Seaweed Biorefinery in Ghana - SeaBioGha

Start date
January 1, 2015
End date
December 31, 2019
Project type
Project code
14-01DTU
Countries
Keywords
No keywords specified
Total grant
9,986,201
Contact person
Anne S. Meyer
Description

The project will establish cultivation of seaweed along Ghana’s 540 km of coastline and establishing relevant technology, develop local know-how and new business opportunities for seaweed cultivation (i.e. farming) and processing of seaweed products in Ghana. The project will develop selective enzymatic technologies to extract valuable hydrocolloids, carrageenan, alginate, and fucoidan from seaweed. The technology is fit for local, smallscale enterprise and green growth in Ghana. The seaweed processing residues will be exploited for production of bioenergy, including bioelectricity by microbial fuel cells (resting on experiences developed in an ongoing DFC project among the partners). Sustainability aspects will be carefully considered to establish green processes. The project focus is:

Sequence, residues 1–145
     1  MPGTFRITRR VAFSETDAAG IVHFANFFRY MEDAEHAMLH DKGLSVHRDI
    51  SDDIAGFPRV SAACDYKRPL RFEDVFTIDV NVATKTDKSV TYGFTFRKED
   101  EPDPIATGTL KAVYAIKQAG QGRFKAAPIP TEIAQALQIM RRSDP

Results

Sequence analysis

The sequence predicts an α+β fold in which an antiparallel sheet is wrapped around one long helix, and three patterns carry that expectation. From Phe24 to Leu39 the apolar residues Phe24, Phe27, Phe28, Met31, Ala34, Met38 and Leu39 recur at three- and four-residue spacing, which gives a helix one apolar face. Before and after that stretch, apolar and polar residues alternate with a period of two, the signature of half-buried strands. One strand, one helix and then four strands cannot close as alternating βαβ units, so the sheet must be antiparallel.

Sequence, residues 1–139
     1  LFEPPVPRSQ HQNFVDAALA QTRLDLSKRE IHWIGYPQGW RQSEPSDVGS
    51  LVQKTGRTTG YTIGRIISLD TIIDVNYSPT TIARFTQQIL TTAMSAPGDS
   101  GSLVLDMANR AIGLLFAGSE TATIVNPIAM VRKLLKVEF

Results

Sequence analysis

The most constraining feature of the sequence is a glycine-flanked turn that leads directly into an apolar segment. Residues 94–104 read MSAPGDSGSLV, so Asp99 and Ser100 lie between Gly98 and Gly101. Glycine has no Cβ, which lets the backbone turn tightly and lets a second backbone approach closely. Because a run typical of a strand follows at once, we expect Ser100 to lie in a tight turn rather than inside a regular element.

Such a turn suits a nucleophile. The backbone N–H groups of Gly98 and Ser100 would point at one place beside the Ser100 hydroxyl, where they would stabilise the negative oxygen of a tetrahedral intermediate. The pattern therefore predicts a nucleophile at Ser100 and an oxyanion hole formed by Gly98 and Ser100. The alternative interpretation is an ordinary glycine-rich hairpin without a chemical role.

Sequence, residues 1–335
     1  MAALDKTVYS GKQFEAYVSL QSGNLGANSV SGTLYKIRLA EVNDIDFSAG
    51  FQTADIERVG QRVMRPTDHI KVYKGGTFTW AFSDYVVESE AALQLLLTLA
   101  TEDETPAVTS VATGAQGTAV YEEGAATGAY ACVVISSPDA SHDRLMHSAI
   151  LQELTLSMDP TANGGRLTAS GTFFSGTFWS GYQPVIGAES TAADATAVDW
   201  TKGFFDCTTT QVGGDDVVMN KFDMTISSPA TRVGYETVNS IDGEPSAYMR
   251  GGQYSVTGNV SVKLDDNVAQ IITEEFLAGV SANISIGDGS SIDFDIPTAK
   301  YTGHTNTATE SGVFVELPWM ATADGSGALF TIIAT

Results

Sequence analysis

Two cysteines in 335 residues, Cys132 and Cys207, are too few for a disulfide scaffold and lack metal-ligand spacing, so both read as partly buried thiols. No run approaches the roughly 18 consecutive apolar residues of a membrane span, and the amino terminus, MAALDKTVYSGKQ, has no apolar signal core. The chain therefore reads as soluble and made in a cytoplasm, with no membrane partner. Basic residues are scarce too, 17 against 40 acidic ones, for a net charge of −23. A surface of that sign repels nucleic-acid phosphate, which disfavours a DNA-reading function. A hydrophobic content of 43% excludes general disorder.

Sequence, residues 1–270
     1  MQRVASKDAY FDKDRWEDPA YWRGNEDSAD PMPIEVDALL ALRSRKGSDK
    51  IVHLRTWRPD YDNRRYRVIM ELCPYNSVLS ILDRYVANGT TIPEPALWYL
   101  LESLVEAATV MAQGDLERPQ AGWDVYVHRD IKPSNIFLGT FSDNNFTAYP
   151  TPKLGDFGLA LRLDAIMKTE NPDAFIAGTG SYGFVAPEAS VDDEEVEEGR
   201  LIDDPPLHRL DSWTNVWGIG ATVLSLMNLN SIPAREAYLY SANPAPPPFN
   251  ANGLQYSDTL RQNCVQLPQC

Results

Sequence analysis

1. Development of offshore seaweed farming in Ghana;

2. Development of local enzyme production and bio-catalytic extraction; technologies for sustainable extraction of target hydrocolloids;

3. Sustainability assessment;

4. Local training and entrepreneurship development for seaweed farming and seaweed processing business opportunities in Ghana.

Outputs

Midterm report 2017:

Several red and brown types of Ghanaian seaweeds have been found to hold highly functional and hence valuable hydrocolloids with reological properties on par or better than the equivalent commercial carrageenan and alginate. Ghanaian Hypnea musciformis seaweeds is a source of commercial carrageenan. Hydropuntia seaweed contains agar. Ghanaian Sargassum sp. contain alginate, and Padina seaweed from Ghana have high-gelling alginates.

Cultivation of seaweeds in Ghana is preferable to collection to control quality.

Different types of green seaweeds respond differently to enzymatic conversion due their structure.

Study completed on: Environmental Location Assessment for Seaweed Cultivation in Ghana published).

Abundacy of seaweeds in Ghana; The major dry season showed the highest growth of seaweeds mostly all locations examined. this is likely due to high concentrations of nutrients during the dry season. Tema New Town and Old Ningo recorded the highest species richness and diversity of seaweeds. Work on biodiversity is ongoing.

The website is a project website at DTU Bioengineering.